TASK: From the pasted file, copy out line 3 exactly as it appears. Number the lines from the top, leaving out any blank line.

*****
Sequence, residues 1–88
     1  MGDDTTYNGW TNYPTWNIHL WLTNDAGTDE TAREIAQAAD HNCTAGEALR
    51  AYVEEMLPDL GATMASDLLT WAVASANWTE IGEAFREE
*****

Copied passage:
    51  AYVEEMLPDL GATMASDLLT WAVASANWTE IGEAFREE